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What Is Colocation And How Can Your Business Benefit From It?

In today's fast-paced, highly competitive environment, your small business needs all the advantages it can get, especially when it comes to securing the bandwidth to handle all of your data requirements. That means looking outside of the box when it comes to hosting and managing your data. Hiring the services of a colocation facility is one such way of dealing with ever-changing technical needs.

Okay, So What Is Colocation?

Large enterprises can afford to host their own servers in their own data centers using their own IT teams. If you own a small business, on the other hand, you might not have the space or personnel to run your own show. This could be an issue if your company needs fast, dedicated network access with plenty of bandwidth.

Colocation offers a reasonable compromise for small businesses that want to maintain their private infrastructure, but lack the facilities or the manpower to make that happen. Instead of building your own infrastructure from scratch or relying on a traditional host's server and storage machines, you can prep your own machines to your specifications and have them installed at a colocation data center.

While your company provides the servers and storage, the colocation facility provides practically everything else. That includes the energy needed to power your equipment, environmental controls needed to keep things cool and dry, uninterruptible power supply (UPS) backup systems, bandwidth and technical services for maintenance and monitoring. You also get around-the-clock physical security that protects your equipment.

Why Choose Colocation Over Your Own Data Center?

There are plenty of reasons why colocation is the better step for small business networking:

  • The infrastructure is already in place – Consider the costs of building your own data center from the ground up (and the day-to-day maintenance) vs. moving your equipment into a preexisting data center managed by your colocation provider.
  • Colocation facilities offer better outage protection – If your company's way of dealing with unexpected power outages involves a generator or two and a smattering of UPS modules, then you'll definitely benefit from a colocation facility's vast array of outage strategies. Most colocation facilities feature multiple redundant power supplies and UPS backup systems for data protection and preservation during power outages.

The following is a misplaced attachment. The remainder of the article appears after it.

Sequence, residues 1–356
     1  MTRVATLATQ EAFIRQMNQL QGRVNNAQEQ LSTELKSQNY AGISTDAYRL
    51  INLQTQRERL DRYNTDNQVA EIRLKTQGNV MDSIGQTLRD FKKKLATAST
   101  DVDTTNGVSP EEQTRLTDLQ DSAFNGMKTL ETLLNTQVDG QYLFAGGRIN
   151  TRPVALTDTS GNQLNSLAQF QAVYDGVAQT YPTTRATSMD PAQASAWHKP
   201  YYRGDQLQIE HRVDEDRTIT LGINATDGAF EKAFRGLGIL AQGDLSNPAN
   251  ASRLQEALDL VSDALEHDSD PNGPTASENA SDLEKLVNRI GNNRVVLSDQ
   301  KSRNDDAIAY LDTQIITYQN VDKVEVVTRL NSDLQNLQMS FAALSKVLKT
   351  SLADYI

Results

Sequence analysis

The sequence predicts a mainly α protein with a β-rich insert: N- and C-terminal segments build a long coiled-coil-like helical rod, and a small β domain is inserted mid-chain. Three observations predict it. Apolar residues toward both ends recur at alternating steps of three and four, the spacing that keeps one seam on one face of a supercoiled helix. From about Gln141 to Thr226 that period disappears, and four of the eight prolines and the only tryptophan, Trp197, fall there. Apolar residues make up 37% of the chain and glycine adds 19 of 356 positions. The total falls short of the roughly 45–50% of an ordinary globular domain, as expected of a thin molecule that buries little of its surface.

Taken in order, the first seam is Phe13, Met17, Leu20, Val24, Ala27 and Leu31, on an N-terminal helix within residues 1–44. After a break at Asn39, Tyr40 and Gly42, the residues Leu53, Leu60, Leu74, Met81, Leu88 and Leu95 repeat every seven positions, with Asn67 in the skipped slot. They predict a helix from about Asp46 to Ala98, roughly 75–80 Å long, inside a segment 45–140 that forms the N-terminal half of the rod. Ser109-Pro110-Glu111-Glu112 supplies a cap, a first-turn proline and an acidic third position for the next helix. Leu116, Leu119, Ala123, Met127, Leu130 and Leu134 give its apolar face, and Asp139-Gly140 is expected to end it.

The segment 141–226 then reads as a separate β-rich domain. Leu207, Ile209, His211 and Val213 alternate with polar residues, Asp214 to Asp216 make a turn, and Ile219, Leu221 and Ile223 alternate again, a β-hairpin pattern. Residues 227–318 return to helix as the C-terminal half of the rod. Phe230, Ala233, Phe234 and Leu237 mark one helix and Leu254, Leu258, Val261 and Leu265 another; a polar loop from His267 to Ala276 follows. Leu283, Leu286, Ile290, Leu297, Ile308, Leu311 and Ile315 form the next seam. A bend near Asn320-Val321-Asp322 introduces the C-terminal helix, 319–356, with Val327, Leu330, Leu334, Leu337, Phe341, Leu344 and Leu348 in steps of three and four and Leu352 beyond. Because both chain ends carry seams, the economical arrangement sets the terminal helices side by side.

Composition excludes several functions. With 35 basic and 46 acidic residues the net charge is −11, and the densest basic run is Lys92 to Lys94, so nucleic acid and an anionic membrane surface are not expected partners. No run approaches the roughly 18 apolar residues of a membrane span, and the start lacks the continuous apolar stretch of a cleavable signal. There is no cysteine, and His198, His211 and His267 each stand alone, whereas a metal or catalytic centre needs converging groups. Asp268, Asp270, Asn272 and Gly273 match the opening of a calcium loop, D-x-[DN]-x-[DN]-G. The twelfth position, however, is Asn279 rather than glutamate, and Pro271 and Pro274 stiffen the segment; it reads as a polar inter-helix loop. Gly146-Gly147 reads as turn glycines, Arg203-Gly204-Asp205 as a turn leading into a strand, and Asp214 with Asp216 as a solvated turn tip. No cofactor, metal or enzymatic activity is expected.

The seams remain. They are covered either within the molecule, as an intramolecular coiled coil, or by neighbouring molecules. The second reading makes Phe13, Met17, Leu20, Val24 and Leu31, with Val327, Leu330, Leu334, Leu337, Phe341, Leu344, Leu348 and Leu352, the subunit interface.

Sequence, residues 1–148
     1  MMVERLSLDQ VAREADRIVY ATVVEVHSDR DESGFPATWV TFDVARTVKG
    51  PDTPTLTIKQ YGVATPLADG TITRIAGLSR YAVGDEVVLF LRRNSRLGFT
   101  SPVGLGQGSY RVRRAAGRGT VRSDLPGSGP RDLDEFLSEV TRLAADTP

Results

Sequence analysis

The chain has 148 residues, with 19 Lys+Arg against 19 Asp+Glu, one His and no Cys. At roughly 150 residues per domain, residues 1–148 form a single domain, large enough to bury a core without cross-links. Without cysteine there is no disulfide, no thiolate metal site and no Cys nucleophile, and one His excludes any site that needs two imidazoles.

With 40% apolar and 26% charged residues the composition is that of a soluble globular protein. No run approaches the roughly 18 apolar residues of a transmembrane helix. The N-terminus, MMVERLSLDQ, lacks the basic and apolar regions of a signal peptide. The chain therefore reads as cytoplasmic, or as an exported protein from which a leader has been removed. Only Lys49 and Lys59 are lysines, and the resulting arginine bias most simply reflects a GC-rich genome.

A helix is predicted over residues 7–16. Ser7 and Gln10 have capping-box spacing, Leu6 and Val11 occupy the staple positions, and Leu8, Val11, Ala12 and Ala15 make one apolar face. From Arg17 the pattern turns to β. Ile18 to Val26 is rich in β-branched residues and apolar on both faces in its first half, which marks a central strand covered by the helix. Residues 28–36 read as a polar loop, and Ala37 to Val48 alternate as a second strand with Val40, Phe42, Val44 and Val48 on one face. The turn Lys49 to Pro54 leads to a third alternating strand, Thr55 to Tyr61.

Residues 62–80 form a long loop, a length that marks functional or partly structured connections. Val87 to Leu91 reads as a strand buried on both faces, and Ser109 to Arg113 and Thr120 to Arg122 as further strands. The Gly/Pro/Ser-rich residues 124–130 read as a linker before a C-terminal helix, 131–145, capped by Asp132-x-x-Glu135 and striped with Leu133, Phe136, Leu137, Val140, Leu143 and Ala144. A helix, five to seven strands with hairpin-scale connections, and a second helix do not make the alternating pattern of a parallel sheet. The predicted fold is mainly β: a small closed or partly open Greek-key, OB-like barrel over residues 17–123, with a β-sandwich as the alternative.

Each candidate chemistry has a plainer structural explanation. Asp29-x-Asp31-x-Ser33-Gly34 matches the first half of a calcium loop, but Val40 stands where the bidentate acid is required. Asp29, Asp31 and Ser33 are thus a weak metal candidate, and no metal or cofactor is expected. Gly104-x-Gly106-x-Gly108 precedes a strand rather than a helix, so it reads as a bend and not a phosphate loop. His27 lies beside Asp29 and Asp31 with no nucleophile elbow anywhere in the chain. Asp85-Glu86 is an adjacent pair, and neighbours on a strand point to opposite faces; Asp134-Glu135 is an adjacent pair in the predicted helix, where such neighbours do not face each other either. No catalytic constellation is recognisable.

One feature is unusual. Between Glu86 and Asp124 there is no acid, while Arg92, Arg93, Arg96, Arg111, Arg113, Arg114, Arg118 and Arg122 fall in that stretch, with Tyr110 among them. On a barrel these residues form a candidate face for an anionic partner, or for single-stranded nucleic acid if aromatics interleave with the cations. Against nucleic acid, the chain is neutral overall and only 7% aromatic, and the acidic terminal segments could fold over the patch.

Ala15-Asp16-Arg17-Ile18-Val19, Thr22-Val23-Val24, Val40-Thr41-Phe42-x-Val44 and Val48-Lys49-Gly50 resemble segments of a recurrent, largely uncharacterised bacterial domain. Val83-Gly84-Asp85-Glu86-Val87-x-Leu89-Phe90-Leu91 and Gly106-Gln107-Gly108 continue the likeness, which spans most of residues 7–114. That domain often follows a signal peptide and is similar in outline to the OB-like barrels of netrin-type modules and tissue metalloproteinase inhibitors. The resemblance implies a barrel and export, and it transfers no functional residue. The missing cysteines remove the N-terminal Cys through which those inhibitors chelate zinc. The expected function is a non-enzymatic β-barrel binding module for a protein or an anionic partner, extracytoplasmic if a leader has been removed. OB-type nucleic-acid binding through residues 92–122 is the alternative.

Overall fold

• You get more bandwidth for your budget – Colocation facilities offer cheaper bandwidth when compared to other hosting solutions. Many companies offer "95th percentile" bandwidth, where the only speed limitations come from the port, allowing for short bursts of bandwidth at very fast speeds. In most cases, you're only charged for the bandwidth you actually use.
  • You get more control over your equipment – Unlike managed hosting, you can use your own equipment, set it up to your specifications and operate it how you please, without prior approval in most cases. You have complete control of your servers and their setup.

Are There Any Downsides?

Although there are relatively few downsides to colocation, those that do exist can be deal-breakers for some small businesses. For instance, most colocation facilities are concentrated around large cities with major network hubs, making convenient access difficult for businesses based in smaller cities. This has the potential to be a major issue for customers who need more frequent contact with their equipment, unless a maintenance agreement with the colocation facility is put into place.

Colocation bandwidth pricing also fluctuates depending on a variety of factors, including current demand and the charging methods used by the facility. As a result, it's easy to be locked into a higher rate by a long-term service level agreement (SLA). Ideally, colocation SLAs should be reviewed and renegotiated on a regular basis, as doing so makes your company more responsive to economic and technological challenges.

Colocation offers a robust and responsive way for your small business to meet its data management needs, especially in a challenging and ever-changing networking environment. For more information, visit a website like